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Book Excerpt
On line book called 'Jazz Guitar Talk" where Chris Strandring interviewed 10 Guitarists.From 2006. Here's my segment.
Guitarist Jack Wilkins has been a part of the New York jazz scene for more than four decades.
His flawless technique and imaginative chordal approach have inspired collaborations with Chet Baker, Sarah Vaughan, Bob Brookmeyer, Buddy Rich and many others.Benedetto and DiCarlo endorser and a professional guitarist for 40 years. In recent years, Wilkins has played
at many international festivals and played with many jazz greats including Stanley Turrentine, Jimmy Heath, The Mingus Epitaph, 5 Guitars play Mingus (primary arranger) and bassist Eddie Gomez. Wilkins lives in Manhattan. He teaches at The New School and Manhattan
School of Music. He was recently invited to judge the Monk Institute Guitar Competitions in Washington. He also conducts seminars and guitar clinics, both in New York and abroad. His latest CD"S "Until It's Time"{Maxjazz} and the Video “Jazz Guitar Workshop” {Mel Bay} are all currently available

1) In your expertise, what are the main facets of jazz guitar playing that a student should
focus on more than any other in his or her developing stages?
I don't think that the focus should be 'jazz guitar playing' per say but musical development
first. A student should learn as many fundamentals as possible. Concentrate on getting a good sound, learning to read, learning theory, developing ear training. If a student learns these things first, they can advance much more quickly In simpler terms, make the guitar an

2) What is it that separates a good player from a truly great jazz guitarist? Is it a gift or can you learn it?
One can learn most anything if you put your mind to it if it's not out of your physical realm. To be a true artist is something else however. I would say don't even think about it. If you are a true artist, you may not even be aware of it.

3) How important do you think sight reading is in your area of the music profession?
Not as much as it used to be when a lot of work was live T.V. and radio or some band with different featured acts. These days you can get a chance to look over your part before you need to perform. It is important to be literate if you want to write music, play anyone else's music or play in ensembles. But the craft of reading comes from a different part of the brain than creative improvising.

4) How important is TAB in your opinion?
I don't think tab is anything one way or the other. It's not a bad thing but it really doesn't help too much either. You still have to learn the rhythms. It's a lot easier to learn how to read for
real. One thing in favor of tab is the occasional chord voicing that needs to be played in a specific place.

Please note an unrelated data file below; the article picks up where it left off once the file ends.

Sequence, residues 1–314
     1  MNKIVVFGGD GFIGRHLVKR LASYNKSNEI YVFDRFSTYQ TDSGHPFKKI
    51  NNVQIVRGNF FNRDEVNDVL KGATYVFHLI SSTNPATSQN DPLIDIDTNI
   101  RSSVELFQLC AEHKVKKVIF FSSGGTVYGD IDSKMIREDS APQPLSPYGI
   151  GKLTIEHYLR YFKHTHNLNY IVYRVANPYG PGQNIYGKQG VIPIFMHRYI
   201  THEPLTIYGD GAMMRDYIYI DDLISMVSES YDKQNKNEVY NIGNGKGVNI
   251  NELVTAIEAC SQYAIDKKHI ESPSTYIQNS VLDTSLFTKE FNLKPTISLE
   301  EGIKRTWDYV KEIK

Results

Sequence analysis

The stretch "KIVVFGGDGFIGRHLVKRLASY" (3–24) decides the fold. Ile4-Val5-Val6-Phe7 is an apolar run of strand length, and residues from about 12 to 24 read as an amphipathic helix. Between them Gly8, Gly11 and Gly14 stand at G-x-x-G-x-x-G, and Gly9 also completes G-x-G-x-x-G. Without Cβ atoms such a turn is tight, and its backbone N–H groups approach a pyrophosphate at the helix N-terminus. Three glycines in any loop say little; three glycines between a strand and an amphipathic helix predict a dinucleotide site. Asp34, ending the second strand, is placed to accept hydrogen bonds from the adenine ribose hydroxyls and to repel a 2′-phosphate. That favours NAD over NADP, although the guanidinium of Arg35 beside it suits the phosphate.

5) As a professional player is there any one area of your playing that you concentrated on as a student that there is never any call for?
No, everything contributes to a more professional understanding. Even if you don't play something for years, it's part of your vocabulary.

6) Is there a particular area of traditional jazz education that you have disagreed with and which you think should be avoided?
I think play along records are a little silly. I wouldn't say to be avoided but not taken too seriously as there is no interaction and you stop listening to the real players if you spend too much time with play along.
7) Is there a facet of jazz guitar education that you might be personally known for? In other words if a student came to you for musical inspiration, what might he or she get from you that they might not get from another source?
Probably chord and melody playing as I'm pretty well schooled in that area.

8) What musicians, books or educational material turned your musical world around as a developing artist?
I guess Johnny Smith, Clifford Brown, Bill Evans and many others. The one book I would pick is John Mehegan's "Jazz Improvisation" "Tonal and Rhythmic Principles" Book #1.

9) Is it dangerous to practice too much? If so what do you think happens?
If you practice the wrong things or are very tight when you practice. You can hurt your hands with too much tension. Patience is the key!

10) What advice would you give to a jazz guitar student looking to enter the music profession?
Be as experienced as possible and don't be so sure you know everything. Always room for more learning.

11) Where in your opinion is jazz guitar headed? Is there any new vocabulary to be found?
I don't know as jazz guitar has so many different areas now. There's always something or someone doing new things however.

12) What ambitions and goals do you have right now in your musical world?
Same as always and that's to play as good as possible and continue learning.

13) Any other comments?
Treat the instrument with care. Not just the guitar itself but the music. It's a glorious thing to be able to play and express yourself. It can be learned with care, patience, and understanding.

From Chris Standring